Makizushi may look like they are more difficult to make than say, nigiri, but with the aid of a bamboo rolling mat, they are actually quite simple. The key is to keep your hands moistened at all times in order to help you spread the rice thin enough, and to use fillings sparingly (I've had rolls burst on me, and believe me, it ain't a pretty sight).
After rolling into one large log, the rolls are cut into six individual serving pieces. When perfectly fresh, the rice should be tender but distinct (never cold!), and the nori should be soft, but not leathery. This is accomplished by using fresh nori (look for sheets that are deep green in color—they turn brownish as they age), and allowing the rolls to rest long enough that the nori loses its crackly crispness, but still retains a snap when bitten into. A few minutes should do.
Makizushi come in four basic forms:
- Hosomaki are thin rolls made with a half sheet of nori and generally contain a single ingredient. Common hosomaki include tekkamaki (tuna rolls), kappamaki (cucumber rolls), other raw fish, various pickles, blanched spinach, or avocado. They should be consumed in a single bite.
- Futomaki are larger rolls that contain two or more ingredients. Particularly popular in American sushi restaurants, classic American examples include the California roll (crab stick, avocado, and cucumber), spider roll (tempura softshell crab with avocado and cucumber), or the Philadelphia roll (smoked salmon, cream cheese, and cucumber). In Japan, futomaki are generally made with vegetabales, such as a mix of pickled radish, marinated shiitake mushrooms, and blanched spinach, sometimes topped with garnishes like tobiko (flying fish roe).
- Uramaki are also a largely American form of sushi in which the rice and nori are reversed so that the rice is on the exterior of the roll and the nori is in the middle wrapping the filling directly. Often uramaki are coated with sesame seeds. To make uramaki, the rice is spread over the nori just as with a regular roll, then the whole sheet is flipped over before adding the filling (make sure to wrap your rolling mat in plastic wrap to avoid sticking). While they can look pretty and are a fun addition to a sushi platter, they are a bit like eating a hamburger with the meat on the outside and the bun in the middle.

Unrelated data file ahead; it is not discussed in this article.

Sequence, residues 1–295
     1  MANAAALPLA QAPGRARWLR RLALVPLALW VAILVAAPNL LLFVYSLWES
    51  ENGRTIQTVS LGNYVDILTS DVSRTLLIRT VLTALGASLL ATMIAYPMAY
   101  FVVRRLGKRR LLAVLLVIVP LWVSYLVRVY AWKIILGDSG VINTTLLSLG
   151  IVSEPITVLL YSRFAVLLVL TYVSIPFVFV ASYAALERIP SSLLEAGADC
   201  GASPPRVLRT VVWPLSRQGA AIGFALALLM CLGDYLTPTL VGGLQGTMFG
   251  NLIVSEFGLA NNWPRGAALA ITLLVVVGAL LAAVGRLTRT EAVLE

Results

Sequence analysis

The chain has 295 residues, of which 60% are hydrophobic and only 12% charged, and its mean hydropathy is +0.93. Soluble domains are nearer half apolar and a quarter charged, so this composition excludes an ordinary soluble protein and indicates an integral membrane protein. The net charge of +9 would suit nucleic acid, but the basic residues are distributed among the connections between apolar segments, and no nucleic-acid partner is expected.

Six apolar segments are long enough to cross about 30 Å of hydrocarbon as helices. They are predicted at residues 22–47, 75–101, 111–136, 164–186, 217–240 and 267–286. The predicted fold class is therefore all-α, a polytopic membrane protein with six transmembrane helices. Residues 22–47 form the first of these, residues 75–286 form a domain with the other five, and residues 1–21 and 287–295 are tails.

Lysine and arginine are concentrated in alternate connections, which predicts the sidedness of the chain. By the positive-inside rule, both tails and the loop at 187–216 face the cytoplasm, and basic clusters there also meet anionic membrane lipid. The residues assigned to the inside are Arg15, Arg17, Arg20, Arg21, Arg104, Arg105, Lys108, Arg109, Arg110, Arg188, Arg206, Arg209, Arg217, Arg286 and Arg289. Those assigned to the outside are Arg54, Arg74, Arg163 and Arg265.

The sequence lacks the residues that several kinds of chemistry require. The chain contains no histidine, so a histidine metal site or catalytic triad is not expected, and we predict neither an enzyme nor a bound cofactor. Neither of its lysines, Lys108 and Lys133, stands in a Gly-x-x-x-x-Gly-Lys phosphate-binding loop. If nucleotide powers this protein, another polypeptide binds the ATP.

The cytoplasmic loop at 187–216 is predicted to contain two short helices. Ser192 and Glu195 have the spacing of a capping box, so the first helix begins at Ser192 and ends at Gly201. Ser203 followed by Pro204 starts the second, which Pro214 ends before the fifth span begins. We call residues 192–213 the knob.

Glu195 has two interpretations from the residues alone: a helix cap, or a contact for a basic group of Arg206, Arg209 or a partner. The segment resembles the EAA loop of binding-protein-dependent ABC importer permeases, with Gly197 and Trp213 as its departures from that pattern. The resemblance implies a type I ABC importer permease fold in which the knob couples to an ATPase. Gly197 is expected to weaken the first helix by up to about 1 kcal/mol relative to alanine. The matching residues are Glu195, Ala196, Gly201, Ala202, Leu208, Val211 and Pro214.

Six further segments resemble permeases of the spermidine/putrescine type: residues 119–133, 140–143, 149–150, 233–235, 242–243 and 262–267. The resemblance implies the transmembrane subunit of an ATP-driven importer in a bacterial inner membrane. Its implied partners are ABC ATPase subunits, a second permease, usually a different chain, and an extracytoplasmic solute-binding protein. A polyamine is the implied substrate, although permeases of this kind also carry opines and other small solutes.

Cutting raw fish for maki is exceptionally easy. All it requires is an extremely sharp knife and an extremely high quality fresh seafood, which should be purchased from a fish supplier or a supermarket who specifically sell fish for sushi or sashimi. Most often, the fish will come in blocks, like this piece of yellowfin tuna:
Notice the grain the connective tissue makes between the swaths of meat? The idea is to cut against those at an angle, as well as cutting the block into long thin strips. Most of the time, this is easy—just cut perfectly parallel to the long edge of the block, and if the fish was butchered properly, the connective tissue should end up automatically being severed at a 30 to 45 degree angle. If not, some minor trimming and adjustment may need to be made. Cutting the connective tissue at an angle is of utmost importance, as it makes the fish easier to chew.
As with vegetables, try to cut the fish into strips with a cross-section approximately 1/2 an inch square.
Personally, I'm a maki-purist. I shun a lot of the overstuffed overblown Western maki in favor of simple hosomaki with a single, bright, clean tasting ingredient. My wife is the opposite. Which is odd, because she's skinny and I'm not. Opposites attract, I suppose.
What are some of your favorite maki ingredients or combos?
About the author: J. Kenji Lopez-Alt is the Chief Creative Officer of Serious Eats where he likes to explore the science of home cooking in his weekly column The Food Lab. You can follow him at @thefoodlab on Twitter, or at The Food Lab on Facebook.